Enforce strong passwords for business applications; passwords should contain upper and lower case letters, numbers, special characters and should be adequately long. Wherever possible, implement two-factor or multi-factor authentication for accessing business applications. A password known to the user should be complemented by a second factor: either fingerprint authentication, facial or voice recognition, or a one-time password from a dedicated authenticator. As a last resort, if there is no other way, implement at least an additional password sent by SMS, although even SMS passwords can be misused.
- Ensure ongoing social engineering training for employee
Given that social engineering attacks are the most successful method of gaining entry to a business network, employee training is undoubtedly one of the most reasonable investments in the IT field. The best training programs test your users with various simulated authentic attacks and provide reporting and statistics for completed training sessions. This offers you an opportunity to monitor your employees’ progress and identify areas where improvements are still needed.
Message #3: Get the most out of cyberattacks
The fact is that you can be a victim of a cyberattack despite all the implemented security solutions. In recent times, you are most likely to fall victim to ransomware. In this case, you will either be left with no data or pay a hefty ransom. Neither of these is pleasant, and it certainly contributes to a certain amount of instability in the organisation. Therefore, you shouldn’t pretend nothing has happened but address the situation accordingly. Since entrepreneurs are driven by resilience and determination, you can also learn a lot from a hacker attack.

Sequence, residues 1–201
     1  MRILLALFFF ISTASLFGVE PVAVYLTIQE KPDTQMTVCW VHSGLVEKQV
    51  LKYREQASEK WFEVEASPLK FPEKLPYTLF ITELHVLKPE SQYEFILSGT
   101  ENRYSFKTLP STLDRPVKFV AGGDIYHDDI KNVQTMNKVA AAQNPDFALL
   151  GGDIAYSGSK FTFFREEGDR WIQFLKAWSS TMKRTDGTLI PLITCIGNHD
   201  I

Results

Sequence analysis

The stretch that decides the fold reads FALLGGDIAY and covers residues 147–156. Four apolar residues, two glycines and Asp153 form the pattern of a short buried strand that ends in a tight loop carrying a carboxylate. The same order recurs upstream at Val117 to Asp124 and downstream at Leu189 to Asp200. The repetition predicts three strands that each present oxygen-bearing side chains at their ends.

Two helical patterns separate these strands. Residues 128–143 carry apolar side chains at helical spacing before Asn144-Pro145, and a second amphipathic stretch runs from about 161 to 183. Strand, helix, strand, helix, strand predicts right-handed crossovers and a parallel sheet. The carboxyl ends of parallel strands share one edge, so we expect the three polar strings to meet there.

It is crucial to investigate and understand why the attack happened. Your IT department will retrace the attack path (independently or with the help of external experts) and investigate where the attacker entered the system. This path will reveal specific vulnerabilities in your system. But not all of them.
Once you have remediated the immediate consequences of the attack and restored the system to normal operation, you should undertake a thorough review of your entire IT environment.
- Review your internal policies on cybersecurity management, update them if necessary or introduce new ones.
- Test the resistance to hacker attacks with a penetration test. If your IT system includes web or mobile applications, make sure these are tested as well.
In all areas of life, prevention is better than cure. In the cyber world, even more so. Regularly testing your cyber security will protect your IT system from intrusion before a cybercriminal exploits its vulnerabilities.
When automation offers support …
Luckily, state-of-the-art tools are available on the market that can help you check for vulnerability resilience and validate cybersecurity. One of them is Pentera security validation platform that runs automated penetration tests and regularly validates your security posture.
A penetration test helps identify vulnerabilities and offers the foundation for ranking vulnerabilities and giving recommendations.
Since users are the most vulnerable part of IT systems, regular security awareness training is crucial for a stable security posture.
Automated penetration testing with Pentera assures daily security validation of exposed networks, users, devices and applications.